Oh, I know some of the professionals have tried to pigeon-hole us into neat little categories in the manner of professionals who do not want to admit that some of the nastier things in life can happen to them too. I've heard that we t.b.i.-folks don't have a sense of humor, are rigid and demanding, need structure, need routine, are suited to work at menial jobs if any at all, got religion to a fault, are given to fixations and obsessions, can't can't cant.
I had to learn not to allow the professional literature, research, and downright misunderstanding define me. Yes, my brain is altered and skewed. No, my brain will not ever return to pre-injury status. Those are facts. Yes, this is still my life. No, I don't agree to give my power away.
There aren't any chickens in this holding cell called "post-injury brain damage." To be sure some of us are cantankerous. At times we may be fearful-- just like anyone else in the human race. I am delighted to have found a certain culture among t.b.i.-ers. Not as defined as deaf culture perhaps, but it is certainly there.
It takes guts to admit over and over again to a series of professionals what things we are still having trouble with, what happened, how we "got this way." It takes restraint not to knock them off of their smug office furniture flat on their backs. For every great and wonderful and dedicated helping professional, there are at least four more that deserve to be eaten by Baba Yaga. Still, we keep going and we manage to live. Some of us even get to thrive.
So just remember, our brains may resemble scrambled eggs. But we are not chickens. Dinosaurs maybe...
Friday, July 05, 2013
Yes, I have regrets. Not so much mental masturbation anymore because I've been at this for almost a decade now.
If only the accident hadn't happened.
If only I had accepted that weekend position.
If only I'd never gone back there to work.
If only I had more gumption.
If only the fatigue and the brain fog wasn't killing me.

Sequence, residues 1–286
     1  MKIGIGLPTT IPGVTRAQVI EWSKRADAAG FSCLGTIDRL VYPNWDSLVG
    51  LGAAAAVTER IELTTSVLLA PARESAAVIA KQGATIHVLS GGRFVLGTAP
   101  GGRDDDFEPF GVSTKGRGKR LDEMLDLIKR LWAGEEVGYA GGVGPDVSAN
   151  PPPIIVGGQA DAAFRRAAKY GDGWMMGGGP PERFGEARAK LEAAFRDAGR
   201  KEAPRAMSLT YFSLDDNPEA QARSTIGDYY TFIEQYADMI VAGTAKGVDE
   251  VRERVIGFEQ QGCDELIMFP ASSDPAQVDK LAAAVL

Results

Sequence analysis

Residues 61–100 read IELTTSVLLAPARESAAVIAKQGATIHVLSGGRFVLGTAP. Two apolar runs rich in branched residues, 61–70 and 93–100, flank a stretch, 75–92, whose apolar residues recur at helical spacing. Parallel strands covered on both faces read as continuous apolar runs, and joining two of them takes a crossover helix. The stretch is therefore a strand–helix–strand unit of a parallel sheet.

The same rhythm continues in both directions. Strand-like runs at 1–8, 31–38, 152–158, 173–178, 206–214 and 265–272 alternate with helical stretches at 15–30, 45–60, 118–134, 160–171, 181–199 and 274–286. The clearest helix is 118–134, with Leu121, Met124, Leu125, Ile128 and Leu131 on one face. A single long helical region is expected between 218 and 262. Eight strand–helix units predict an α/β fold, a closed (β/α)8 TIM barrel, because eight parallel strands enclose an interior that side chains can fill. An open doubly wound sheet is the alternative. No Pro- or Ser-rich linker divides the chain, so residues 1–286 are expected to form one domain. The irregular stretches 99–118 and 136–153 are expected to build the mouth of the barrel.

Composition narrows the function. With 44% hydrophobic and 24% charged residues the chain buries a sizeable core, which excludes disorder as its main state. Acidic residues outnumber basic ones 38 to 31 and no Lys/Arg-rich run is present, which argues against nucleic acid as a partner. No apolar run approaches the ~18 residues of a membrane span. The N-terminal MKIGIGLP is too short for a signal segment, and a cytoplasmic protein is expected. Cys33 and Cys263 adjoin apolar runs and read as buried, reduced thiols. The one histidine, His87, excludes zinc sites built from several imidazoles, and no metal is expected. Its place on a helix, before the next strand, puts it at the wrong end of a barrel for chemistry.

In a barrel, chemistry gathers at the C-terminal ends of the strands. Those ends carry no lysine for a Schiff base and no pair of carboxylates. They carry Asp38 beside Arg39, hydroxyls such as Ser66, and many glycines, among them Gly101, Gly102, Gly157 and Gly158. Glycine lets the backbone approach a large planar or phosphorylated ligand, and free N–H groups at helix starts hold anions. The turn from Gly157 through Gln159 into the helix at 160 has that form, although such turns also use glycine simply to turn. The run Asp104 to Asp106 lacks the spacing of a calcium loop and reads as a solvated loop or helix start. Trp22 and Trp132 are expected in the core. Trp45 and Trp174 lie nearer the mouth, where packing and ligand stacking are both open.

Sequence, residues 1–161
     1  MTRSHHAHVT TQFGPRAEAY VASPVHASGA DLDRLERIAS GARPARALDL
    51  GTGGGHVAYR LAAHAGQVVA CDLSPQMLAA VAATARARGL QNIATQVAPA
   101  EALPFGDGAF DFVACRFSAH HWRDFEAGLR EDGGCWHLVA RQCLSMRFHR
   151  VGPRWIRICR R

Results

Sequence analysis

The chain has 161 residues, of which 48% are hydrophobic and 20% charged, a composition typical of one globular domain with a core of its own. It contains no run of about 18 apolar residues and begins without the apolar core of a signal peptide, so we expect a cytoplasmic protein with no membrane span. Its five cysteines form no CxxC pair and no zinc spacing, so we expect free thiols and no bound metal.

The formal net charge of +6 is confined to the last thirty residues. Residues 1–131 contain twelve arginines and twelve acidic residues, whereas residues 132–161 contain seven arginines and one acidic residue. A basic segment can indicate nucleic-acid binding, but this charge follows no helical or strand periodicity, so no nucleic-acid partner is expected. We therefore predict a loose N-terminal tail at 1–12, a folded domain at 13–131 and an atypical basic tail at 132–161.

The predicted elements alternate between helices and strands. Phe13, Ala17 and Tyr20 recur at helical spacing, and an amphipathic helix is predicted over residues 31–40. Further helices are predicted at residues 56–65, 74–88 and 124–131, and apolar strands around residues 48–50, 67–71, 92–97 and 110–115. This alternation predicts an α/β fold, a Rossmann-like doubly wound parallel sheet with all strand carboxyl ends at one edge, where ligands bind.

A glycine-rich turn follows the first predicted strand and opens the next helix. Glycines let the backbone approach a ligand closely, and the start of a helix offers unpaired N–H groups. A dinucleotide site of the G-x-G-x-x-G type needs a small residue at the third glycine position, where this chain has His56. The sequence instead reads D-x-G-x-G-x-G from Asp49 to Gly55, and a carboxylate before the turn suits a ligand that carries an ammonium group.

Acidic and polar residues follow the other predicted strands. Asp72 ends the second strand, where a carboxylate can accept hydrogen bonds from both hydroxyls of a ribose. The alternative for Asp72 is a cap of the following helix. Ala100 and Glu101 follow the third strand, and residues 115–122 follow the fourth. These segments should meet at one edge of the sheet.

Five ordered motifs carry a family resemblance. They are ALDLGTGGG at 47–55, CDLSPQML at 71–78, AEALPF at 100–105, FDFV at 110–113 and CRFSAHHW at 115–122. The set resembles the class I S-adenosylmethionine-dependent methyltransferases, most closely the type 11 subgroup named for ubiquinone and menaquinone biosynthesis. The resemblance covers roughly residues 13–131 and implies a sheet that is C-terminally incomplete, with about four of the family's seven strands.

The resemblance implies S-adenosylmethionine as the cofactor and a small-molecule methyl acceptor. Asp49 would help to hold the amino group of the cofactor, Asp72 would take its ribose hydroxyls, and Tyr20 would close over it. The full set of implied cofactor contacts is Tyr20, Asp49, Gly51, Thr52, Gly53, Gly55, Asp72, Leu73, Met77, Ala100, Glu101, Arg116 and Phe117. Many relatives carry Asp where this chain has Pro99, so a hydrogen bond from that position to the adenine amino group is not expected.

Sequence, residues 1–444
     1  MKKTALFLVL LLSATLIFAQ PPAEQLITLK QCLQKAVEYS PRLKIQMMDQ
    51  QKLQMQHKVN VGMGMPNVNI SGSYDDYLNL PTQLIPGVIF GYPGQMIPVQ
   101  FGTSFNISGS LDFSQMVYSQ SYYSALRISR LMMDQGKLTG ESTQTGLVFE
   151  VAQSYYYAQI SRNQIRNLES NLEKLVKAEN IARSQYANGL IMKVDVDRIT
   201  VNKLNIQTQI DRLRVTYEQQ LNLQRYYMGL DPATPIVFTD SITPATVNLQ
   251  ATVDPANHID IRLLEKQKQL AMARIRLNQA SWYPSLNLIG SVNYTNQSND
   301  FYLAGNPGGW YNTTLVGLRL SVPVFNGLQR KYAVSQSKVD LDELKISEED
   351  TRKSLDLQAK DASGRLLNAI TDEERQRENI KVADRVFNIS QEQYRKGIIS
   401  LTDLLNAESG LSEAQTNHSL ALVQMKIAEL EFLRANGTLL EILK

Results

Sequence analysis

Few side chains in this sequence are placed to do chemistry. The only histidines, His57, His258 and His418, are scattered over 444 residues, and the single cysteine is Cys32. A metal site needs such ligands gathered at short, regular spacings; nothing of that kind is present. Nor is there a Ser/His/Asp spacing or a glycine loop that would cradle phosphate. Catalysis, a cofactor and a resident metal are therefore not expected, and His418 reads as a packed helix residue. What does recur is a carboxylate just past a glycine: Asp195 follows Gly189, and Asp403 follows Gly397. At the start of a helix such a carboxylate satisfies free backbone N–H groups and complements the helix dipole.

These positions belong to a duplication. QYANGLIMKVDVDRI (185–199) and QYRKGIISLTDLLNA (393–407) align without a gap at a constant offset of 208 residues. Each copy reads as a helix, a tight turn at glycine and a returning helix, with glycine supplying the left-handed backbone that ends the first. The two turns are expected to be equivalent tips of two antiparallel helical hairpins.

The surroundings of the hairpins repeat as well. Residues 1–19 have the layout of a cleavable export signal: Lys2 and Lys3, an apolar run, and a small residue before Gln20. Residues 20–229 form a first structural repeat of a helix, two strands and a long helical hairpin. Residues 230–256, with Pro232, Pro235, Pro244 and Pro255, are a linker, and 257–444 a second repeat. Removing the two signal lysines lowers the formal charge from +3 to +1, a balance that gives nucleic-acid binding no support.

If only the professional vocational rehabbers had actually done something more than talk.
If only my perception problems weren't.
If only. If only. If only.
If only I had been someone else.
But I am not someone else. I have my life, not someone else's life. I am the possessor of my life.
To be honest, all of my problems did not begin with my car accident. I've let plenty of opportunities go by. I've done some rotten stuff. I've hurt people. I did not give it my best shot. I was lazy. I wanted to look better than I was.
I was a human being. I still am.
I can't fix the past. I have a chance to change my future. What am I going to decide to do?
sapphoq healing t.b.i.
Tuesday, June 25, 2013
You say you want to help me. You're going to help me. Your platitudes are designed to stifle me, to shut me up, to mollify me. I am not fooled. I have brain damage. I am not brain dead. Not yet. Not today.
You say you get it. You get me. You've gotten other people like me. Your attitudes are designed to impress me, to shut me up, to resurrect me. I am not fooled. I have brain damage. I am not brain dead. Not yet. Not today.
You say here, let's do this. This will work. It's worked for others. Your crapitudes are designed to motivate me, to shut me up, to robotize me. I am not fooled. I have brain damage. I am not brain dead. Not yet. Not today.
I say if you aren't going to help me, then get out of my way. You haven't helped me. Your words are empty, meaningless, dull things. I was never fooled. I have brain damage. I am not brain dead. Not yet. Not today.
sapphoq healing t.b.i. and leaving a lot of stupidity behind
Sunday, June 16, 2013
Brainlash: Maximize Your Recovery From Mild Brain Injury, Gail L. Denton. New York: Demos Medical Publishing, LLC, 2008. Third Edition. e-book, 343 pps.